This Little Light of Mine . . .
Vol: 111 Issue: 1 Wednesday, December 1, 2010
There is a vast difference between opinion and doctrine. Nowhere is that more evident than when it comes to the doctrine of the Holy Trinity.
John Calvin wrote of the Trinity doctrine, “I would insist only on the direct words, unexplained, just as they lie in the text: “There are three that bear record in heaven, the Father, the Word, and the Holy Ghost: And these three are one.”
“As they lie in the text. . . “ Calvin’s wording here raises another question: Is the text itself genuine?
There are those that argue that 1st John 5:7 was added by some scribe or copyist later and that it was not among the earliest doctrines of the Church.
I’ve seen this debated many times over the years – the argument over the authenticity of the text baffles me. If the text is not authentic, then what is it doing in the Bible?
If the answer is that it shouldn’t be in the Bible, then the next question should be, “who says and how do they know?”
That’s where one moves from the realm of doctrine into that of opinion. Nobody can say for certain if the text was a later insert. If it was certain, then it wouldn’t be part of the Bible. But there it is.
So it is a matter of opinion if it is supposed to be there.
“For there are three that bear record in heaven, the Father, the Word, and the Holy Ghost: and these three are one.”
The doctrine of the Holy Trinity is a mystery. So let me throw this out for your consideration. The Bible does not require you to believe a ‘mystery’.
The Bible requires that we believe the facts as they are, not necessarily the Divine mechanics beyond those already revealed.
Genesis records that God said, “Let there be light, and there was light.” That is a fact and I believe it.
There is no mystery in the existence of light. Only in how it sprang from nothing. But I don’t need to know that in order to believe that God created light.
“And the Word was made flesh.” I believe this as a fact – my belief is not based in my understanding of the details of how, but in my faith in the factualness of that statement.
I believe the Bible’s statement that God is both Three and One. I believe that Jesus Christ is the Second Person in the Godhead, and I also believe that God is One.
HOW this can be is a matter of faith and not one of understanding. That’s why it is a mystery.
But it is absolute absurdity to reject the facts which God has revealed because we don’t fully understand the mechanics of how it all works.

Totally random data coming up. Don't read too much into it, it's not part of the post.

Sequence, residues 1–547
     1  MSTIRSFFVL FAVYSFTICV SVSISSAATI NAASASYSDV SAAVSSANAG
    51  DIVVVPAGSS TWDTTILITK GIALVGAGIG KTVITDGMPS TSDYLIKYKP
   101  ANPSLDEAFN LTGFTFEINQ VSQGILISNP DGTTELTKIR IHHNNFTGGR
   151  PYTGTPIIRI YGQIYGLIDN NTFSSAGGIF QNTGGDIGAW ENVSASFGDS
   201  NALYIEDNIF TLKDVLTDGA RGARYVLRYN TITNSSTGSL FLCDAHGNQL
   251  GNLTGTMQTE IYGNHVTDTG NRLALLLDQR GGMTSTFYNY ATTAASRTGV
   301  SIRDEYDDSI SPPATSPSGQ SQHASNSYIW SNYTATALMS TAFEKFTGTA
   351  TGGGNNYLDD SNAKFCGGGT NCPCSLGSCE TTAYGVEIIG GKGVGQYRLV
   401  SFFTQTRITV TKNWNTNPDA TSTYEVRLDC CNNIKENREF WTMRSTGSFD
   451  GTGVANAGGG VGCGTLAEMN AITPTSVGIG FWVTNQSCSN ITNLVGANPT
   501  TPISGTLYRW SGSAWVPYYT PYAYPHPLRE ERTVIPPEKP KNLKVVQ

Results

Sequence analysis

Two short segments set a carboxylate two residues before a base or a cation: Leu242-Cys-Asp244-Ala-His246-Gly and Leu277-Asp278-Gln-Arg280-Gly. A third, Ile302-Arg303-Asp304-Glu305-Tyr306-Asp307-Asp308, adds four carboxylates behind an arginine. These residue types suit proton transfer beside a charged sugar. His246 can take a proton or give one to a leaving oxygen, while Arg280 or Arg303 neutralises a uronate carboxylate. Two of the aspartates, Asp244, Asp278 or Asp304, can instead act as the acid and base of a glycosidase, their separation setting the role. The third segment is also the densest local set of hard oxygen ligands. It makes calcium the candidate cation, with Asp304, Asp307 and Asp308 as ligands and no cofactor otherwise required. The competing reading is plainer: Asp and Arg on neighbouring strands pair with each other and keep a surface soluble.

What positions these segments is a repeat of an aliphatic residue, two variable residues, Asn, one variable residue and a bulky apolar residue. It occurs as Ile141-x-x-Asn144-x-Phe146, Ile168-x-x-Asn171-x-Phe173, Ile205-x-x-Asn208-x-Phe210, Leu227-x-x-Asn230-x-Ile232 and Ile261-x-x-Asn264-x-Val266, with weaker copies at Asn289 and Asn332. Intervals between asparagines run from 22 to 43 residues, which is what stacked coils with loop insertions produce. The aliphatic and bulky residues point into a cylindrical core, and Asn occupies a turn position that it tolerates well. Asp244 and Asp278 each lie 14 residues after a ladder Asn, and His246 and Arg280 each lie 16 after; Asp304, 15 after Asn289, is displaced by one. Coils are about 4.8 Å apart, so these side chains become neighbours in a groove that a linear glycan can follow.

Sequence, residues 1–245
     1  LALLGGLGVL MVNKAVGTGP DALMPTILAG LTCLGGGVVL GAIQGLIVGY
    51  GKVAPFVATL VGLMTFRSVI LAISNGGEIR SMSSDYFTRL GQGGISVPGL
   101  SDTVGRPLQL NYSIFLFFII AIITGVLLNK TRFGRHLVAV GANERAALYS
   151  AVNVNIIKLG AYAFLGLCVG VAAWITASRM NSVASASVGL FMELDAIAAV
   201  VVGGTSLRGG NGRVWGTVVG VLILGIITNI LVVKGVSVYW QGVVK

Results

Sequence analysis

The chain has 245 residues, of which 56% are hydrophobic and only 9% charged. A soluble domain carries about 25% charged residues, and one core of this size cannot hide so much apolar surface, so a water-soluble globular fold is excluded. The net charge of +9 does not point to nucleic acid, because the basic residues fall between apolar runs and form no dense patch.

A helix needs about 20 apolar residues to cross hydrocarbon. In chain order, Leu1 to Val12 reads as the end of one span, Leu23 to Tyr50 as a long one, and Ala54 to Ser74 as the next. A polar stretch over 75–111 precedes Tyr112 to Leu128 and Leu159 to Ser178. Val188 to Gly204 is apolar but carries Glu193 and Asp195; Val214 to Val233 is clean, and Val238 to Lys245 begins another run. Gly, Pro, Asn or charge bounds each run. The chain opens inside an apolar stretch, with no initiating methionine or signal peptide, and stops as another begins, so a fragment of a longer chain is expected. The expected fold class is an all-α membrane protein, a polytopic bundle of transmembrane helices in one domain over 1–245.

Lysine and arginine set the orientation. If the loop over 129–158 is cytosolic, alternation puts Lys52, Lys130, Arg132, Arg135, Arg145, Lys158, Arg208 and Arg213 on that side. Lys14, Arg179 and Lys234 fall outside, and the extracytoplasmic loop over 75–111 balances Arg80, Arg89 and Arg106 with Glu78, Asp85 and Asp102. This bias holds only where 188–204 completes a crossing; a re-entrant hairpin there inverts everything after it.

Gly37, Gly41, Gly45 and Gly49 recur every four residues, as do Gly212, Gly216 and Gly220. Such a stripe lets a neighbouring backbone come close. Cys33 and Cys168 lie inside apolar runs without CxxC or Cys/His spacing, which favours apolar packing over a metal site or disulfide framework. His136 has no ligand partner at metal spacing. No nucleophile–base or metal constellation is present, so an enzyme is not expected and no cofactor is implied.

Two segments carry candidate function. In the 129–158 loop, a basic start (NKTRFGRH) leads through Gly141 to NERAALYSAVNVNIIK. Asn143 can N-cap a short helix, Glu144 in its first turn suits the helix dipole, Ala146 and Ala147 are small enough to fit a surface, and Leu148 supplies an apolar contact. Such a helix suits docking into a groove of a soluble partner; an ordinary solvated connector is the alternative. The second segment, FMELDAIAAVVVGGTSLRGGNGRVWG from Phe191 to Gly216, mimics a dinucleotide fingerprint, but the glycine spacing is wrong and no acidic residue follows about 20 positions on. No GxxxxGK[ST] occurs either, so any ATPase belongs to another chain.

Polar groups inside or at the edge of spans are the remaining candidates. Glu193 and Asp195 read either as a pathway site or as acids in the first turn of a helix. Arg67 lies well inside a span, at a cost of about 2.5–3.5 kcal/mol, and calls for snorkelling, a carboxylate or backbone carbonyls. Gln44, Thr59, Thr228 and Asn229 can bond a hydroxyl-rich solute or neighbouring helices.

The ‘mystery’ does not lie in the fact itself, but rather in how that fact comes to be a fact. Paul wrote, “Behold, I shew you a mystery, we shall not all sleep, but we shall all be changed.” (1st Corinthians 15:51)
There are many Christians that don’t believe in the Rapture. They have a different opinion about what that verse means. But their eternal destiny is not in jeopardy.
Nobody is saved by faith in the Rapture. We are saved by our faith in the Promise of salvation by grace.
“For by grace are ye saved through faith; and that not of yourselves: it is the gift of God . . . “ (Ephesians 2:8)
The mystery is not relevant to the facts. As a Christian, you are not required to believe the mystery or even to understand it. But you are required to believe the Scriptures.
“All scripture is given by inspiration of God, and is profitable for doctrine, for reproof, for correction, for instruction in righteousness:” (2nd Timothy 3:16)
The objection that the text describing the Trinity was inserted into Scripture later by a copyist means by definition that 2nd Timothy 3:16 is unreliable. Doesn’t it?
If 1st John 5:7 was a later insert, meaning that 2nd Timothy 3:16 must be unreliable, what does that say about Ephesians 2:8?
How do you know which verses to trust?
There is a Latin phrase that deals with these kinds of Bible objections. “Si erro, libenter erro; et me redargui valde recusem.”
It means, “If I err, I err willingly; and I vehemently refuse to be convinced of it.”
There is much that we know but can’t explain. You are a soul who has a body. You don’t need to be a religious scholar – or even a Christian – to know that.
Aircraft routinely carry the bodies of deceased persons as cargo. Airlines therefore report the number of ‘souls’ on board an aircraft to differentiate with the number of bodies.